CANADA FX DEBT-C$ weakens as oil dips, greenback climbs

    * Canadian dollar at C$1.3725, or 72.86 U.S. cents
    * Bond prices lower across yield curve

    TORONTO, May 9 (Reuters) - The Canadian dollar weakened
against its U.S. counterpart on Tuesday as oil priced dipped and
the greenback climbed against a basket of major currencies.
    The U.S. dollar        posted broad gains as foreign
exchange markets swung back to bets on improving growth and
tighter monetary policy. The pickup in investor sentiment has
been bolstered by historically low U.S. stock market volatility
and last weekend's French presidential election result.
    U.S. crude        prices were down 0.37 percent at $46.26 a
barrel, pressured by a rise in U.S. crude output that has shaken
investors' faith in the ability of Organization of the Petroleum
Exporting Countries to rebalance the market.             
    Oil is one of Canada's major exports.
    At 9:20 a.m. ET (1320 GMT), the Canadian dollar          was
trading at C$1.3725 to the greenback, or 72.86 U.S. cents, down
0.3 percent, according to Reuters data.
    The currency traded in a range of C$1.3671 to C$1.3743.
    The loonie hit a 14-year low on Friday at C$1.3793. It has
been pressured recently by lower commodity prices, concerns
about a possible North American Free Trade Agreement
renegotiation and investor wariness about how the troubles of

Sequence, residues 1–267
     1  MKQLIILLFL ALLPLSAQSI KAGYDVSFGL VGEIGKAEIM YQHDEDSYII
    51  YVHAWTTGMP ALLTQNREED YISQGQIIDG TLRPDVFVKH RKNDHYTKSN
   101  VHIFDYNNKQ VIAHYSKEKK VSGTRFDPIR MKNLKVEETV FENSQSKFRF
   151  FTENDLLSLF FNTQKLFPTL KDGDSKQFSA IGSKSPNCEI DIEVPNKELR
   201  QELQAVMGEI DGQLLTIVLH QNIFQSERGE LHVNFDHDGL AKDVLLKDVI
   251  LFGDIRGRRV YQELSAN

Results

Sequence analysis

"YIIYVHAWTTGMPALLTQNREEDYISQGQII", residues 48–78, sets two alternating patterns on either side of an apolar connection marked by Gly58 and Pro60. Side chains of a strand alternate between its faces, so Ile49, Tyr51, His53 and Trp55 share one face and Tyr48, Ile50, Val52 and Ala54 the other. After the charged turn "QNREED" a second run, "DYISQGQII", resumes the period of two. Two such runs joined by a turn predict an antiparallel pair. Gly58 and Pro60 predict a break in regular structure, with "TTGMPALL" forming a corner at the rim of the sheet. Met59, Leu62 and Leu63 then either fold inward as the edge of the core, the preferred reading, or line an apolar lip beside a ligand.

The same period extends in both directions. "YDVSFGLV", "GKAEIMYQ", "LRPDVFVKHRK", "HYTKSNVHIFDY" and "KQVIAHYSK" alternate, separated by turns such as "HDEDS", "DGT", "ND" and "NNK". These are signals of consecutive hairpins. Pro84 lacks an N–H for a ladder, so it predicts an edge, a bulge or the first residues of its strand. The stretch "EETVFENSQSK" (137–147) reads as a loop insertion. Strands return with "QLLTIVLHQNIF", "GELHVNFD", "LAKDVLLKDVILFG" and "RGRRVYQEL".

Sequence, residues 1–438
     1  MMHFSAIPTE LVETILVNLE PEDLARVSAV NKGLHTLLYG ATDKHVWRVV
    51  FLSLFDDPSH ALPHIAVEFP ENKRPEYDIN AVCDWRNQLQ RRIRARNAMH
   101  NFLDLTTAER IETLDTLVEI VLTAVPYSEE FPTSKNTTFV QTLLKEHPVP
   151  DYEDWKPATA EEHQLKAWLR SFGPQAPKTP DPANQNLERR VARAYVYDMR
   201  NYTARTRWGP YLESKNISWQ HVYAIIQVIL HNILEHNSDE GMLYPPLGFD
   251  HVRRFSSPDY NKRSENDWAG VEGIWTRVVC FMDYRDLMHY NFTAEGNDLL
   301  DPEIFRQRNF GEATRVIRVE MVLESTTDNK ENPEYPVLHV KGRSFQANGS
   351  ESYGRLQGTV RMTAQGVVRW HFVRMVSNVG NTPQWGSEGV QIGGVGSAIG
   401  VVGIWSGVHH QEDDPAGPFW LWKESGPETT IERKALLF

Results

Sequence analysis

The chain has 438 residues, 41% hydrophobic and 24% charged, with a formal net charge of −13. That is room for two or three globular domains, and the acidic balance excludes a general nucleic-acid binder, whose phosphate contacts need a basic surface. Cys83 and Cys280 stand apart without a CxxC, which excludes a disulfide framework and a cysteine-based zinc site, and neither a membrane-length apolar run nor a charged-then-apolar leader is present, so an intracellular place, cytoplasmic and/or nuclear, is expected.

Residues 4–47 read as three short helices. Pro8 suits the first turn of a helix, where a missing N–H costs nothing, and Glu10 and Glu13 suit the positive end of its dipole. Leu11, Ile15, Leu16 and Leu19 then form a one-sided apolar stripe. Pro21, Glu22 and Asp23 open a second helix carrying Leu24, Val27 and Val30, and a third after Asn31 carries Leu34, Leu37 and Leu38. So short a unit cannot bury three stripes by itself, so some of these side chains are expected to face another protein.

alternative lender Home Capital Group Inc          could impact
Canada's real estate market.
     Home Capital said on Tuesday that an unnamed third party
intends to buy up to C$1.50 billion in mortgages, an offer that
comes as Canada's biggest non-bank lender attempts to halt
customer withdrawals.                
    Losses for the Canadian dollar came as data showed the value
of domestic building permits tumbled by 5.8 percent in March
from February.             
    British Columbians head to the polls after a tight election
race between the ruling right-of-center Liberal Party and the
opposition left-leaning New Democratic Party. A loss for the
Liberals could derail big oil and gas projects in the province.
    Canadian government bond prices were lower across the yield
curve in sympathy with U.S. Treasuries. The two-year           
fell 1.5 Canadian cents to yield 0.717 percent and the 10-year
            declined 31 Canadian cents to yield 1.623 percent.  

 (Reporting by Fergal Smith; Editing by Meredith Mazzilli)